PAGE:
This is a slightly tricky case. It makes sense when you have a good understanding of how Python treats names and objects. You should strive to develop this understanding as soon as possible if you're learning Python, because it is central to absolutely everything you do in Python.
Names in Python are things like
b. They exist only within certain scopes (i.e. you can't use
b outside the function that uses it). At runtime a name refers to a value, but can at any time be rebound to a new value with assignment statements like:
a = 5
b = a
a = 7
Values are created at some point in your program, and can be referred to by names, but also by slots in lists or other data structures. In the above the name
a is bound to the value 5, and later rebound to the value 7. This has no effect on the value 5, which is always the value 5 no matter how many names are currently bound to it.
The assignment to
b on the other hand, makes binds the name
b to the value referred to by
a at that point in time. Rebinding the name
a afterwards has no effect on the value 5, and so has no effect on the name
b which is also bound to the value 5.
Assignment always works this way in Python. It never has any effect on values. (Except that some objects contain "names"; rebinding those names obviously effects the object containing the name, but it doesn't affect the values the name referred to before or after the change)
Whenever you see a name on the left side of an assignment statement, you're (re)binding the name. Whenever you see a name in any other context, you're retrieving the (current) value referred to by that name.
With that out of the way, we can see what's going on in your example.
When Python executes a function definition, it evaluates the expressions used for default arguments and remembers them somewhere sneaky off to the side. After this:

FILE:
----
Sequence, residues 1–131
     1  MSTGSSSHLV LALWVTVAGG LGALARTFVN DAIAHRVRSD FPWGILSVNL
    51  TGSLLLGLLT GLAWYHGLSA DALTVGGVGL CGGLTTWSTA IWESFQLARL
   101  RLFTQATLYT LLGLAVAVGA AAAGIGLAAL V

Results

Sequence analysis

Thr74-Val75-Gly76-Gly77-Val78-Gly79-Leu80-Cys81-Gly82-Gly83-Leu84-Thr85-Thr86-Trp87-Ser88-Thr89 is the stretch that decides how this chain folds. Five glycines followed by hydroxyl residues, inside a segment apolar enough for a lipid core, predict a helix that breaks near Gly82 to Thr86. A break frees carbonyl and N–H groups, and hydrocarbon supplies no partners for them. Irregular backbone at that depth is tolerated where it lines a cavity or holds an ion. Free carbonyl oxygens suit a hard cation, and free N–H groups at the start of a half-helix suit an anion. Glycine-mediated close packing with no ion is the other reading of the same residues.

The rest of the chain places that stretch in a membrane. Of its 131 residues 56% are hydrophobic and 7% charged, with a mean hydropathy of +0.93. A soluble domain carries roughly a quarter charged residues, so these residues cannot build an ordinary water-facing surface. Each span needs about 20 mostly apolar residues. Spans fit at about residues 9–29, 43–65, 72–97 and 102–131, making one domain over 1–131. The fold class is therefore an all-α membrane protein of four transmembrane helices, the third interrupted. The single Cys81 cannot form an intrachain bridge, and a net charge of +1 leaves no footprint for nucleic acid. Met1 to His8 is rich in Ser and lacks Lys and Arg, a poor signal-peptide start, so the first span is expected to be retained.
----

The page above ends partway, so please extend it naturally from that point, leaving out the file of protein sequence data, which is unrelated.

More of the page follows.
def f1(a, l=):
l is not anything, because
l is only a name within the scope of the function
f1, and we're not inside that function. However, the value
 is stored away somewhere.
When Python execution transfers into a call to
f1, it binds all the argument names (
l) to appropriate values - either the values passed in by the caller, or the default values created when the function was defined. So when Python beings executing the call
f3(5), the name
a will be bound to the value 5 and the name
l will be bound to our default list.
When Python executes
l.append(a), there's no assignment in sight, so we're referring to the current values of
a. So if this is to have any effect on
l at all, it can only do so by modifying the value that
l refers to, and indeed it does. The
append method of a list modifies the list by adding an item to the end. So after this our list value, which is still the same value stored to be the default argument of
f1, has now had 5 (the current value of
a) appended to it, and looks like
Then we return
l. But we've modified the default list, so it will affect any future calls. But also, we've returned the default list, so any other modifications to the value we returned will affect any future calls!
def f2(a, b=1):
b = b + 1
Here, as before, the value 1 is squirreled away somewhere to serve as the default value for
b, and when we begin executing
f2(5) call the name
a will become bound to the argument 5, and the name
b will become bound to the default value
But then we execute the assignment statement.
b appears on the left side of the assignment statement, so we're rebinding the name
b. First Python works out
b + 1, which is 6, then binds
b to that value. Now
b is bound to the value 6. But the default value for the function hasn't been affected: 1 is still 1!
Hopefully that's cleared things up. You really need to be able to think in terms of names which refer to values and can be rebound to point to different values, in order to understand Python.
It's probably also worth pointing out a tricky case. The rule I gave above (about assignment always binding names with no effect on the value, so if anything else affects a name it must do it by altering the value) are true of standard assignment, but not always of the "augmented" assignment operators like
What these do unfortunately depends on what you use them on. In:
x += y
this normally behaves like:
x = x + y
i.e. it calculates a new value with and rebinds
x to that value, with no effect on the old value. But if
x is a list, then it actually modifies the value that
x refers to! So be careful of that case.